Tuesday, November 27, 2007

trains and spotting

I remember an entry earlier this year about the bus girls checking out each other’s fashion every time the 401 stopped and some gal the walked up the aisle towards an exit: heads swiveling, eyes glaring. It seemed a combination of both fashion grading and fashion idea theft. In order to present both sides of the sexual agenda I need to rat out the guys – at least the Metro train drivers. I suspect that the bird watching occurs primarily during the morning and evening rush hours as the flocks move in heel-tottering, well coiffed formation. I also believe that the actual Metro station has a lot to do with the view – those stations with the exits/escalators toward the head of the train provide the greatest cinematic pleasure. For those beyond the Metro confederacy, here’s how trains manage passenger exit (first) and entry (second). The train doors open upon arrival at the station and herds of folks pile out as new herds pile into the oft-packed cars. The drivers, after a few seconds in the station, open the platform-side window of their cockpits and stick their heads out in order to look down the platform so they have a basic idea of when the crowd has managed to complete boarding. Once everyone seems on board they trigger some switch in the cab, while still looking out the window, and signal a warning before the doors close and the train begins to pull out of the station. I know that’s a long description but it’ll come in handy. Any number of drivers during the morning rush spend a little extra time looking down the platform because they’ve spied hottie who’s exited three cars down and is waggling her little self towards the escalators located near the front of the train. I can tell you with absolute certainty that those long(er) stops in some stations can be confirmed by verifying the escalator location. If you happen to be getting off a train and heading towards the front you could simply catch a glance at the driver and you’ll easily find who he’s looking at – and he’ll look until he gets a walk-by, full view and all. Of course, he doesn’t have carte blanche on girl watching – anyone beyond three train cars isn’t get the eye…he doesn’t have that much time. I can’t really blame the drivers. If I spend a good part of my day in and out of the tunnels under D.C. and the greater metro area I’d need some fresh air and scenery. I’m just saying.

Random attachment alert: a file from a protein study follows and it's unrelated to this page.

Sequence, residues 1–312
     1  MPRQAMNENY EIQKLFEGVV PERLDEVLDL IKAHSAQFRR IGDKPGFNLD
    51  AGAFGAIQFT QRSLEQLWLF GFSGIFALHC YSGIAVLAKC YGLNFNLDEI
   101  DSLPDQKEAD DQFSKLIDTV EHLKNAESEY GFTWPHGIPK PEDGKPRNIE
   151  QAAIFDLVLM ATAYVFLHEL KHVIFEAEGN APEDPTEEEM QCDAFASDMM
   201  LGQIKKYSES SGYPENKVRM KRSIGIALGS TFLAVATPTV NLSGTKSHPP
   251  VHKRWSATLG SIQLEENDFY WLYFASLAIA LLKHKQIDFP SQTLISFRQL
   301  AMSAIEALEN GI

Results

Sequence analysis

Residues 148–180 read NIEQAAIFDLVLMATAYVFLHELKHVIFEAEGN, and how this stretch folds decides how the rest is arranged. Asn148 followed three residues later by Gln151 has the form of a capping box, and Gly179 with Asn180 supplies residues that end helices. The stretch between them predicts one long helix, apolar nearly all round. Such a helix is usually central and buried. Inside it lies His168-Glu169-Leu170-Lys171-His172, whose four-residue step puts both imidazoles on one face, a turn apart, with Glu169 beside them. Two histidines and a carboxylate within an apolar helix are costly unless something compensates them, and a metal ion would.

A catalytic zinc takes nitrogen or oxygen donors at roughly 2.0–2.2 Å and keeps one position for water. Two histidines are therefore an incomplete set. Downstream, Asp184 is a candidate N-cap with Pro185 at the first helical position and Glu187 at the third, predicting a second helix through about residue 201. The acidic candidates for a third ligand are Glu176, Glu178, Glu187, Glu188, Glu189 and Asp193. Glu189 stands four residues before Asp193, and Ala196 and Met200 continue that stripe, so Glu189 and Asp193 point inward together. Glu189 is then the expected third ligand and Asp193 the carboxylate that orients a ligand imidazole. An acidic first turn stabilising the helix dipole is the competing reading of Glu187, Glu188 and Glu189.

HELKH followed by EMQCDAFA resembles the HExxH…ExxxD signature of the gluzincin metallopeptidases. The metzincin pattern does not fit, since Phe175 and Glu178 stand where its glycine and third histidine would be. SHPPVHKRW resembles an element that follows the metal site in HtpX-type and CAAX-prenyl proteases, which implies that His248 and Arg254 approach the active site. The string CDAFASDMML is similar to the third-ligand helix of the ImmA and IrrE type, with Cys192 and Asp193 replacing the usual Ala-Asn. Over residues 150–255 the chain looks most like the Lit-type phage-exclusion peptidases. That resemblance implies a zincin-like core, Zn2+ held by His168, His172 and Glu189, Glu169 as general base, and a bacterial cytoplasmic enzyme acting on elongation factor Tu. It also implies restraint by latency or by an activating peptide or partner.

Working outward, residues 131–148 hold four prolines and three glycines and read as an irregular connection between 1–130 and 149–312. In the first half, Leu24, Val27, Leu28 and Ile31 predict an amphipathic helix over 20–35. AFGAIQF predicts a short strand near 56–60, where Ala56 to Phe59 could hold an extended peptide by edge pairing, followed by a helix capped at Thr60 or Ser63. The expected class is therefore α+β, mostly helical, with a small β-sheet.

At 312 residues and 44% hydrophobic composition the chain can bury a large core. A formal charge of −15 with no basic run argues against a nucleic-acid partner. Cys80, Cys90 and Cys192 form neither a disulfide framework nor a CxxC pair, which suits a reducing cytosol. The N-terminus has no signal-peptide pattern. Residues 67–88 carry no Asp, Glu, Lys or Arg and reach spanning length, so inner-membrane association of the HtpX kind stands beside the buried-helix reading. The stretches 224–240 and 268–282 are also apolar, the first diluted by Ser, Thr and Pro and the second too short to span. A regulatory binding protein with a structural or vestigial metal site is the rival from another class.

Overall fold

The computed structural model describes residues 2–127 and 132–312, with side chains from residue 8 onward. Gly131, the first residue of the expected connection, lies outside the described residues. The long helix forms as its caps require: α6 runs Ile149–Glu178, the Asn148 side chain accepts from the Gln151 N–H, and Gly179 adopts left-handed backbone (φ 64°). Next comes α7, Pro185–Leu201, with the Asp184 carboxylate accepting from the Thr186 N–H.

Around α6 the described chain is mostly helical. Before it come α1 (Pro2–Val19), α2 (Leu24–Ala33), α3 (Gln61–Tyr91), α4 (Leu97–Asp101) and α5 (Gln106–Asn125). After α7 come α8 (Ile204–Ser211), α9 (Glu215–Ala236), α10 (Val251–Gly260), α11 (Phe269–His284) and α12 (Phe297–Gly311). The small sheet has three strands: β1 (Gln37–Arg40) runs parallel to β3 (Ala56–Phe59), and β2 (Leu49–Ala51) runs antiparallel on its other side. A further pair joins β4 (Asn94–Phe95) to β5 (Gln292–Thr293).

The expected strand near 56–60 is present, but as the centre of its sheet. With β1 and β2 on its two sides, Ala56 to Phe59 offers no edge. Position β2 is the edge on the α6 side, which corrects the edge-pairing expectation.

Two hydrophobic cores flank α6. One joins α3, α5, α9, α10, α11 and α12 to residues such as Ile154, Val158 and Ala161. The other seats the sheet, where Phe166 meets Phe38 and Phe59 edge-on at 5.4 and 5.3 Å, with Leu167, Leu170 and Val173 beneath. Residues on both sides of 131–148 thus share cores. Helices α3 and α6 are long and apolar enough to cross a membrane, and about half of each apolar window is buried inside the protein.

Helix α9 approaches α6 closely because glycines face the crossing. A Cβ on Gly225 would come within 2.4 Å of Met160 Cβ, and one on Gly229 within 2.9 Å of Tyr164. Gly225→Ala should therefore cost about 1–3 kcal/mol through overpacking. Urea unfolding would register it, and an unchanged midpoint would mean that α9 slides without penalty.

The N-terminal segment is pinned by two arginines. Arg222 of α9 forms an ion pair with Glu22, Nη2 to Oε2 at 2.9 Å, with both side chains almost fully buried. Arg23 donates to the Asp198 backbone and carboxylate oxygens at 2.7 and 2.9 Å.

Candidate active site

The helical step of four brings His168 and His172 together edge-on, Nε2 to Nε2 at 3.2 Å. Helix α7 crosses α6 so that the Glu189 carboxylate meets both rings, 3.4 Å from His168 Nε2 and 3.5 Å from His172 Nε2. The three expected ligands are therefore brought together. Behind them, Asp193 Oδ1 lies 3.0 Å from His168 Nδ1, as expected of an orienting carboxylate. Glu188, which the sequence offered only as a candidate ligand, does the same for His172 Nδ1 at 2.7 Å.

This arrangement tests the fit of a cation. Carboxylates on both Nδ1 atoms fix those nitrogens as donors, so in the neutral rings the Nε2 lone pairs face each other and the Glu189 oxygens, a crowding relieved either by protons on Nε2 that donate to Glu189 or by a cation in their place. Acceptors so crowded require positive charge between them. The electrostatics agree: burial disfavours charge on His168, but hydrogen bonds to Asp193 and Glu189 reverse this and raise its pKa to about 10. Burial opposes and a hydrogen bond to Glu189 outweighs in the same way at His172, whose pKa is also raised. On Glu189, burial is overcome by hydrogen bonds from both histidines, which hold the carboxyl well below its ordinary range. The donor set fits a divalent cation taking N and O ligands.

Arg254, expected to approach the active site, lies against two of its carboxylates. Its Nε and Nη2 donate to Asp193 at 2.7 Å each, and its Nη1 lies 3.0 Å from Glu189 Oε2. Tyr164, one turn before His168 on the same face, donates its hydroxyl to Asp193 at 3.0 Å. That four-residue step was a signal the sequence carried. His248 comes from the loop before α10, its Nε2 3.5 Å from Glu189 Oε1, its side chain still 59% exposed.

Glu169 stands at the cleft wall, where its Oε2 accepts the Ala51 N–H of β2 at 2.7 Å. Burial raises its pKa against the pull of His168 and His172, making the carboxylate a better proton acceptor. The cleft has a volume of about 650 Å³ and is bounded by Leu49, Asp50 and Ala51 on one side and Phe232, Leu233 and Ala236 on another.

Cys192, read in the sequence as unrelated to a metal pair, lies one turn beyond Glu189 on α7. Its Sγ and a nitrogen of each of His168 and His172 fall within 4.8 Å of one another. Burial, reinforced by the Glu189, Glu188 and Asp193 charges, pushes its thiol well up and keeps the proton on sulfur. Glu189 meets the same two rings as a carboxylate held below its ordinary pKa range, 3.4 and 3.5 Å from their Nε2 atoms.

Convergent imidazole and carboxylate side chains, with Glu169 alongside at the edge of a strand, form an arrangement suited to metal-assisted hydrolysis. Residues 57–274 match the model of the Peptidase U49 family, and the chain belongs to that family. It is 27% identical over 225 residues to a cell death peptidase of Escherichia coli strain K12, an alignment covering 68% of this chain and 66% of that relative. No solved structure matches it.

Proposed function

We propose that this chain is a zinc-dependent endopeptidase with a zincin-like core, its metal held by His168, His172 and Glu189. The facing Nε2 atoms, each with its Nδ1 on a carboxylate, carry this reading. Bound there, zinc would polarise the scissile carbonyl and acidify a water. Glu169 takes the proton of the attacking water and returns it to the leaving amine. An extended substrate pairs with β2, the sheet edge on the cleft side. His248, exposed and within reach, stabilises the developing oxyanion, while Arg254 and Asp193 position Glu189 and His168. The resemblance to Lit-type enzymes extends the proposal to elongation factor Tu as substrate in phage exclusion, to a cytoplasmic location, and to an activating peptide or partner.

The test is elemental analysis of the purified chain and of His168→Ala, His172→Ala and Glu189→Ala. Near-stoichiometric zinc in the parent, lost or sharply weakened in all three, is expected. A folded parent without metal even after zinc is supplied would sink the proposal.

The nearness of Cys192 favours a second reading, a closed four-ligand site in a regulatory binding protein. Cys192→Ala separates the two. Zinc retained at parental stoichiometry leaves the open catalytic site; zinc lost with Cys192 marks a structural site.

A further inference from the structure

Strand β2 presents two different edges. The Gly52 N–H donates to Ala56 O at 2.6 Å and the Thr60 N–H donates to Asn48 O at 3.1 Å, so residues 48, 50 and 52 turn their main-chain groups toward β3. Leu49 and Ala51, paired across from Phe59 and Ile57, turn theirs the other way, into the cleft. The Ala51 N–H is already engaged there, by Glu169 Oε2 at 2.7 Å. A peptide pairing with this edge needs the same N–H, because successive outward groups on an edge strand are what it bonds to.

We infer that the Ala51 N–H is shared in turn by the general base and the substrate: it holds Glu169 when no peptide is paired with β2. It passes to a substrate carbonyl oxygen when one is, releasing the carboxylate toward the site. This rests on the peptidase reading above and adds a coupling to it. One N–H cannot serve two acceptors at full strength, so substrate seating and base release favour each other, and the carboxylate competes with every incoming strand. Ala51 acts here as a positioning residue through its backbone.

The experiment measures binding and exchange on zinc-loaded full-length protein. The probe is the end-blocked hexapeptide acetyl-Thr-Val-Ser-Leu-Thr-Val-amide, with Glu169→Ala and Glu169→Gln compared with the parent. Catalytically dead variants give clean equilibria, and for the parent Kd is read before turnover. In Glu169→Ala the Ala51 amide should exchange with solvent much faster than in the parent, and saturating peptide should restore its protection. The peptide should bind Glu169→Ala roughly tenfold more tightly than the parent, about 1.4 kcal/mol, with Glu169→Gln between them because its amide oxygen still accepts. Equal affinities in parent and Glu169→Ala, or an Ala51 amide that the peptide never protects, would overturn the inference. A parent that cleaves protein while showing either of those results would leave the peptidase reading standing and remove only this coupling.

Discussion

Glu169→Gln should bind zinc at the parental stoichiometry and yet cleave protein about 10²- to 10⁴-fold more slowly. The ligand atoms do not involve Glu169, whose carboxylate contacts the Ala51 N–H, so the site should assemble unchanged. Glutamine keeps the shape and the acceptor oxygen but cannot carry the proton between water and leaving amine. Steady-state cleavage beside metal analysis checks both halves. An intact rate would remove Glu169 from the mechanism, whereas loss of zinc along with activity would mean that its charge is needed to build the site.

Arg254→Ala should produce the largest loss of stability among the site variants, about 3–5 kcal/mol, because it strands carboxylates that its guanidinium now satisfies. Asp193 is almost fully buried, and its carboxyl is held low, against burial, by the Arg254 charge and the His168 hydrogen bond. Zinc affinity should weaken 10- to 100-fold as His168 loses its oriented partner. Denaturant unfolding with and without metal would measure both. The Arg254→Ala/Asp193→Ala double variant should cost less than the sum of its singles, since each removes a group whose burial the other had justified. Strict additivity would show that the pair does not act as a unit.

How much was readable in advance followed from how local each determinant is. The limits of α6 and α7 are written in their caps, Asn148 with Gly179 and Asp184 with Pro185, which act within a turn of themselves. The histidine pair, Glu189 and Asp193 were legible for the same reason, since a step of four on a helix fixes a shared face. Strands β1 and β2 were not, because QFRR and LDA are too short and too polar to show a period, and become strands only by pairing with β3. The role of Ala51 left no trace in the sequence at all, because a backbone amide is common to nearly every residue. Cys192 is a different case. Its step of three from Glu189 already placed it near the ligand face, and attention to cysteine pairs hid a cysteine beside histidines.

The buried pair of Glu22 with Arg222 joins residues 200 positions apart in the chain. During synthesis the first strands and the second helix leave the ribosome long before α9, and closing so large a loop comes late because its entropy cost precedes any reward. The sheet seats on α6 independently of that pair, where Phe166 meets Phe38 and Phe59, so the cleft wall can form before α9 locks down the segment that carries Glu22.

The Minnesota Vikings head coach says he’s going to continue using two running backs even as super rookie Adrian Peterson returns from injury this week. There are some good reasons to share the workload, and I don’t disagree in theory, but the excuse he’s giving is this – they don’t want to risk him getting injured again. Right. This brings to mind a great book / great problem called Fermet’s Last Theorem. The book, about the problem, is a grand yarn involving a mathematical theorem that us normal folk can actually understand. Fermet, an amateur math genius from back yon, put forth the following: for a3 + b3 = c3 (those are cubes) there are no whole numbers to make the equation true. Same idea as Pythagoras but with the mysterious threes included – “it’s a magic number.” As later mathletes attempted to prove this theorem they ante up the idea that the variables couldn’t be odd numbers (or even numbers, I can’t remember) so they could basically eliminate the search by half…all the odds (or evens). Of course they realized shortly thereafter (probably within minutes) that since we believe in infinity there was, in actuality, no reduction in possible numbers to test: infinite odds and infinite evens. I love that story. Anyhow, back to football. Since most injuries - particularly knee injuries - occur on freak plays and poor footing during a violent sport, cutting a players actions from 40 to 20 doesn’t really change the odds of him getting hurt. Are we assuming that freakish plays and injuries only happen on odd or even downs? Just wondering.

I’ll leave everyone alone.


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